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The moral demands of memory.


The moral demands of memory.

Blustein, Jeffrey.

Cambridge U. Pr.


372 pages




Blustein (bioethics, Albert Einstein College of Medicine) moves beyond typical texts on memory to focus on moral philosophy. He offers a new approach, based on a broad range of philosophical and humanistic literatures, showing how memory is preserved and transmitted, particularly in the case of the self and the beloved dead. He begins by approaching memory as a subject of evaluative inquiry, building to the responsibilities of remembrance and taking responsibility for the past. This he develops into an analysis of taking responsibility for one's own past and the intricate relations amongst ethics, truth and collective memory. He examines the moral imperative to remember and the qualities and modes of mourning and rituals. He closes by linking memory to bearing witness and includes typological remarks on bearing witness to right and wrong, acknowledging a relationship to wrongdoing and bearing witness to one's convictions.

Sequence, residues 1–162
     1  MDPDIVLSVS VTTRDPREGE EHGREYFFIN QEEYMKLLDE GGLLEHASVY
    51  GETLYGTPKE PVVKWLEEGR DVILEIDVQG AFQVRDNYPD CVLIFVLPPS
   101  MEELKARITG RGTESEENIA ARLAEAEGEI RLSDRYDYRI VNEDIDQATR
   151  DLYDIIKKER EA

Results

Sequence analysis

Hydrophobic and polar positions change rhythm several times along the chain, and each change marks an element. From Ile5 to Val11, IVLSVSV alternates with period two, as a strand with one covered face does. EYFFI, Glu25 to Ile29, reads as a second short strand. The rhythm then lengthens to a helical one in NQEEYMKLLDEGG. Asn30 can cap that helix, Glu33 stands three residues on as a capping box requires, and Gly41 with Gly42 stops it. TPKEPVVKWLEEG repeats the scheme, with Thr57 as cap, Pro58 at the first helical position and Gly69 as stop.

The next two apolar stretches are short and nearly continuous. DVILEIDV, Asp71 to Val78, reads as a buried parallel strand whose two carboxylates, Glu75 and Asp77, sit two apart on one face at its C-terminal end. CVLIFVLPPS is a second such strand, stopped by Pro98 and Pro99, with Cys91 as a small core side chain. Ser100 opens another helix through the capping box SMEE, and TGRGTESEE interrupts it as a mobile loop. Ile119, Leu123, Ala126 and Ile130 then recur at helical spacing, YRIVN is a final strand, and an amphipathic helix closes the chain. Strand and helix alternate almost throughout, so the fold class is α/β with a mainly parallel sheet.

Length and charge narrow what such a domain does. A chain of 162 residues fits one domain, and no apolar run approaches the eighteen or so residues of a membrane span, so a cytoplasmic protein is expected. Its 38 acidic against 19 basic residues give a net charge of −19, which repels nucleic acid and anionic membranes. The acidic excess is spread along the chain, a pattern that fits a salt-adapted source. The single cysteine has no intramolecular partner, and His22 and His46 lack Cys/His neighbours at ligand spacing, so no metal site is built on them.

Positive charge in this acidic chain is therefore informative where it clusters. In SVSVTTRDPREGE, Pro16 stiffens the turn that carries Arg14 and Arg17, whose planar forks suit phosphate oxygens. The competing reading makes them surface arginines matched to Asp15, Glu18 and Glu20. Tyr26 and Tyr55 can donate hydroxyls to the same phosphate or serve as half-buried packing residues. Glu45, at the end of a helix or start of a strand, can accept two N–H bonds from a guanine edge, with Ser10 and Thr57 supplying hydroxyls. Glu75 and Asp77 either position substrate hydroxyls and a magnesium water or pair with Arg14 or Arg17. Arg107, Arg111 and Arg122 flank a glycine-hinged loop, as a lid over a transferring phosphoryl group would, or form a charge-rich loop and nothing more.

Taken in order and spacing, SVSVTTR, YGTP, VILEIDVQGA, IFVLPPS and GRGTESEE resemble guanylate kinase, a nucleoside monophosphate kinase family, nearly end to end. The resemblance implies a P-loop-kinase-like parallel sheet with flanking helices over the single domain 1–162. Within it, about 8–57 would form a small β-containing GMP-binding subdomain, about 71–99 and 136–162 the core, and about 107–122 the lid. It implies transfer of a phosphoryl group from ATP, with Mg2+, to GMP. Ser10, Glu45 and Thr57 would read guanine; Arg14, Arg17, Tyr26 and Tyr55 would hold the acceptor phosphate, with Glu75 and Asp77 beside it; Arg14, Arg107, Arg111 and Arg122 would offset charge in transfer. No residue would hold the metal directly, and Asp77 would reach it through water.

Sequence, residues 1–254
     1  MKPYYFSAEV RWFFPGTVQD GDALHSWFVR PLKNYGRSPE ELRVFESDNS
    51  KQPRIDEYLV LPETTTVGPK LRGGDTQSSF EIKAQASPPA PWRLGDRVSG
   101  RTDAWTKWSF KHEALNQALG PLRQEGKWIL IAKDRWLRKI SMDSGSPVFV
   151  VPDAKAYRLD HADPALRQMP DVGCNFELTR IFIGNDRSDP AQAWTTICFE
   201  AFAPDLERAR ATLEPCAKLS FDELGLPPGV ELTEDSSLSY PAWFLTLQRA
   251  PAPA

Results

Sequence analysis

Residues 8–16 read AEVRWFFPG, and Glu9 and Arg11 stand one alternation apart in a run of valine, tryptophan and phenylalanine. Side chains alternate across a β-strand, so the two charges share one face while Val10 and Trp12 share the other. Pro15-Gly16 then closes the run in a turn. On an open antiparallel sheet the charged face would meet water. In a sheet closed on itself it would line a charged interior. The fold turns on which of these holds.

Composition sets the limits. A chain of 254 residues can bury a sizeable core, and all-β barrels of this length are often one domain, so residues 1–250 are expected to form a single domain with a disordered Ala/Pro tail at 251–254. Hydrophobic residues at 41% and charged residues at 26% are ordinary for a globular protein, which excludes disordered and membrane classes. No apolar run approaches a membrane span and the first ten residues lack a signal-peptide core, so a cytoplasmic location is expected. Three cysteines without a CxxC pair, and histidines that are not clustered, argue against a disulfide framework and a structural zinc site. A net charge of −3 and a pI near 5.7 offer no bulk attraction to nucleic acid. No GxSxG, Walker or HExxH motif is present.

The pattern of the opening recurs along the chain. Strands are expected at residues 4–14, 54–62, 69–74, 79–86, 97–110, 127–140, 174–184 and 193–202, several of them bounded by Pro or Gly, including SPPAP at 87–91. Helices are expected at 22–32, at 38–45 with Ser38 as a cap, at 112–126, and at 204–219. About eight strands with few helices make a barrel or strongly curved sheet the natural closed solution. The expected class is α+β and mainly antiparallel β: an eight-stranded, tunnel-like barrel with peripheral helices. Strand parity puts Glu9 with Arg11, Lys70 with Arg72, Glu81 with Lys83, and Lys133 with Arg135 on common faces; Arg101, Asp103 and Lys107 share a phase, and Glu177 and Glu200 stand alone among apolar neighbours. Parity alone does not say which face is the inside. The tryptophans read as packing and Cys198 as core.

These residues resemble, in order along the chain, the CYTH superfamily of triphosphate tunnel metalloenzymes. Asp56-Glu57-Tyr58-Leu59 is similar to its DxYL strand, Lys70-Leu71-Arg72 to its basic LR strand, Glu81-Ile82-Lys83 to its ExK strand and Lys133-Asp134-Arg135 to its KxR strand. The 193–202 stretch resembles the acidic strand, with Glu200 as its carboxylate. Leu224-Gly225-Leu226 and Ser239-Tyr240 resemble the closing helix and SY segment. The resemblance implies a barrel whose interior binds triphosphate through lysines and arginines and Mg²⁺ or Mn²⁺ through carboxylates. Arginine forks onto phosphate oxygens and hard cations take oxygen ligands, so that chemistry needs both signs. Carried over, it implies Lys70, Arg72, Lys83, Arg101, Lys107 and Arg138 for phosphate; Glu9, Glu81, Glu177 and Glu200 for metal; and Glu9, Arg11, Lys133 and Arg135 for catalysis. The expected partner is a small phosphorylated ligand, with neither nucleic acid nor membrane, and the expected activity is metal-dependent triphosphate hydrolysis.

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Publication:Reference & Research Book News
Article Type:Book Review
Date:May 1, 2008
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